The Human Dignity Trust website warns federal laws can jail same-sex offenders for up to 14 years, and applies to both men and women.
But it adds: ‘Same-sex sexual activity may also be penalised under Sharia law, under which the death penalty is possible.’
All cross-dressing or transgender behaviour is also prohibited, with schools forbidden from even discussing homosexuality.
It even banned the Disney film Lightyear in 2022 over a lesbian same-sex kiss in the animated children’s movie.
The UAE also has strict laws on drugs and alcohol which means passengers may face jail for having a drink during the long flight to the UAE, even if they are just passing through Dubai to another destination.
The UK warned its citizens in 2018: ‘It is a punishable offence to be under the influence of alcohol in public – including when transiting through the UAE.
‘It can result in custodial sentences and/or fines.’
The government’s ban on Qatar’s additional flights came four years after then-Coalition government was first approached with the proposal.
The transport minister said there was no ‘one factor’ that she would point to that swayed her decision ‘one way or the other’.
‘In making this decision, I did have a national interest, not commercial interests at play when I was making that decision,’ Ms King said.
She confirmed she had consulted with ministerial colleagues and considered stakeholder views.
Ms King said she made her decision on July 10 and she told Prime Minister Anthony Albanese before it was made public on July 18.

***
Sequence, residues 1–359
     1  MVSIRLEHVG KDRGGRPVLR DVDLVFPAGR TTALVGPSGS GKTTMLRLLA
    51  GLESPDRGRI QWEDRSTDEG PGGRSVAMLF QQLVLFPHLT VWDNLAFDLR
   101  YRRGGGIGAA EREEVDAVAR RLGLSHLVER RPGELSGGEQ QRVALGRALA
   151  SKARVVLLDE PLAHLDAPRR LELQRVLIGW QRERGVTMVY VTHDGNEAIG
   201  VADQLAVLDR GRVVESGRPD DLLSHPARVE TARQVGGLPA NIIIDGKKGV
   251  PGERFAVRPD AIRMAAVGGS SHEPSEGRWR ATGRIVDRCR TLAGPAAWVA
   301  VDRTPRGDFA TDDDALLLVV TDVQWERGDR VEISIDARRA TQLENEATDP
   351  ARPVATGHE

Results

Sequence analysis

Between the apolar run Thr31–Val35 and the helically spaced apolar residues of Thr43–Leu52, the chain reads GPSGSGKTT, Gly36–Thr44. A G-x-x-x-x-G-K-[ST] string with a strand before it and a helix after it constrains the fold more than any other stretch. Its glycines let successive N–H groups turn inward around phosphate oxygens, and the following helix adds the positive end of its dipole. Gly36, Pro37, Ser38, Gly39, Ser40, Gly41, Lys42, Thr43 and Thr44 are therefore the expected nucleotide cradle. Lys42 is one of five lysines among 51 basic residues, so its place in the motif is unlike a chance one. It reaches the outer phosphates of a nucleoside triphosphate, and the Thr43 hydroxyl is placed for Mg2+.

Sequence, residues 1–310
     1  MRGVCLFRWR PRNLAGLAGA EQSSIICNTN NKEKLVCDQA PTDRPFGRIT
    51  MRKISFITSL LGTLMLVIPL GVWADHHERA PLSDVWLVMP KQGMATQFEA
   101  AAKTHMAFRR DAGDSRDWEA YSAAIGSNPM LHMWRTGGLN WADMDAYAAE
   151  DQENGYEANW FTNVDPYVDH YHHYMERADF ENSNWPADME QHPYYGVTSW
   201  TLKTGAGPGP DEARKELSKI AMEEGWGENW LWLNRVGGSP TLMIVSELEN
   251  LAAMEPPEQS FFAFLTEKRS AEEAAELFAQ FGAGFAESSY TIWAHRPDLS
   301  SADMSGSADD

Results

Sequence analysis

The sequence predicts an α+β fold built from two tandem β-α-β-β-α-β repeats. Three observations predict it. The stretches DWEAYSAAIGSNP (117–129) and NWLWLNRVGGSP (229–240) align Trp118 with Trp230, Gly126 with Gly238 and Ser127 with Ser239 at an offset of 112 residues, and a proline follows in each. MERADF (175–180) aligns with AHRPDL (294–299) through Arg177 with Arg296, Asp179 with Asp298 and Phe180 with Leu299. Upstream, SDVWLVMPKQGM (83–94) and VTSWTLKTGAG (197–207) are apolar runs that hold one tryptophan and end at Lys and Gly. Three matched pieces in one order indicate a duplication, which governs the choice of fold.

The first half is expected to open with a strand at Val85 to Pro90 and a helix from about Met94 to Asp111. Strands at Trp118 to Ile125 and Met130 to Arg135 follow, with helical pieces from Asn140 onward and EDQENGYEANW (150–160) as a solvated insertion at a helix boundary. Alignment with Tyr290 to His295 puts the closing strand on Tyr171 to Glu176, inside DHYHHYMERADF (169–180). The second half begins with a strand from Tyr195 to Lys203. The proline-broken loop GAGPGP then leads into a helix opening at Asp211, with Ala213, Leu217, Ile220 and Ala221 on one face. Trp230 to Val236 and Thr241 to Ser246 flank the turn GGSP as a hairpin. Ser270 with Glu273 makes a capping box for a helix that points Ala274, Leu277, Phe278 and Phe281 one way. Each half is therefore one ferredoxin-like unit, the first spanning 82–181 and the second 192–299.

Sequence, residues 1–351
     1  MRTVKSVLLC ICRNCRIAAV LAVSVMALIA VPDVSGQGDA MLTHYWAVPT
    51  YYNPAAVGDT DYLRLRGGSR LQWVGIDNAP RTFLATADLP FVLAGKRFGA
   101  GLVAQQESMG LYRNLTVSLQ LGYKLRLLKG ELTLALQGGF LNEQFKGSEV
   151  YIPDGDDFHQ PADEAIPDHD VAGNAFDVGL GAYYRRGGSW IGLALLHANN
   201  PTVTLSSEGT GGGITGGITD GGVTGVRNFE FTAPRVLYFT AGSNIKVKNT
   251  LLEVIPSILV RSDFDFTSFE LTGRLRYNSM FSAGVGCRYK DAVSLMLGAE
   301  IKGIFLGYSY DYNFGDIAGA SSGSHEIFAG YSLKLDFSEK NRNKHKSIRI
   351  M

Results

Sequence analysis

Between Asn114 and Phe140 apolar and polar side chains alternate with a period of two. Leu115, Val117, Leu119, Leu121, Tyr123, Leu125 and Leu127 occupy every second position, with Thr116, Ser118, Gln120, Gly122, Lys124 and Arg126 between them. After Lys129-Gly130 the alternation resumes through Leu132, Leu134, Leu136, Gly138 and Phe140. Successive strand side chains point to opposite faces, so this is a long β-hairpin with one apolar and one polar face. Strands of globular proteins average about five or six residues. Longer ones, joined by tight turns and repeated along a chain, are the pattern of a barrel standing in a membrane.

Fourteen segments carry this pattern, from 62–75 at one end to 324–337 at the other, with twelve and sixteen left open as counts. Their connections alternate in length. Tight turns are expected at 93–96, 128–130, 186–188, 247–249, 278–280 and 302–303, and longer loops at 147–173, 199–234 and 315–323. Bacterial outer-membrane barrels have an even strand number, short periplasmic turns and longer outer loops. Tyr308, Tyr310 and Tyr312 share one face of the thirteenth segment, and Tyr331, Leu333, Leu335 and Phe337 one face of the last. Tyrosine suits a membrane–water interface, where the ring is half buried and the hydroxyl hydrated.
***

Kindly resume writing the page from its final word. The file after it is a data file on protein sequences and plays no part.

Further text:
Trade Minister Don Farrell said he couldn’t ‘specifically’ say if he had a conversation with Ms King about the proposal.
‘I’m aware her department made it clear they were dealing with this issue and going to make a decision,’ he told ABC radio.
UAE’s human rights record has never been questioned in relation to Emirates flights from Dubai (pictured) while Qatar’s record was ‘one factor’ behind the ban on more Doha flights
The opposition has now called for a Senate inquiry into the decision to block the extra Qtar Airways flights
Opposition Leader Peter Dutton said the government wasn’t giving honest answers, which is why a Senate inquiry initiated by the Coalition was needed.
‘This is now eight positions that the minister (Ms King) has come out with and she just keeps changing her story and I don’t know what is fact and what’s fiction,’ he told 2GB.
Mr Dutton said there was a moral imperative for former Qantas boss Alan Joyce to front the inquiry.
The Senate committee is expected to invite submissions from past and present Qantas chief executives, other airlines, airports, economists, the Qatari ambassador, the consumer watchdog and the Productivity Commission.
The committee’s report is expected by October.
Daily Mail Australia has contacted the Transport Minister’s office for comment.
Source: | This article originally belongs to Dailymail.co.uk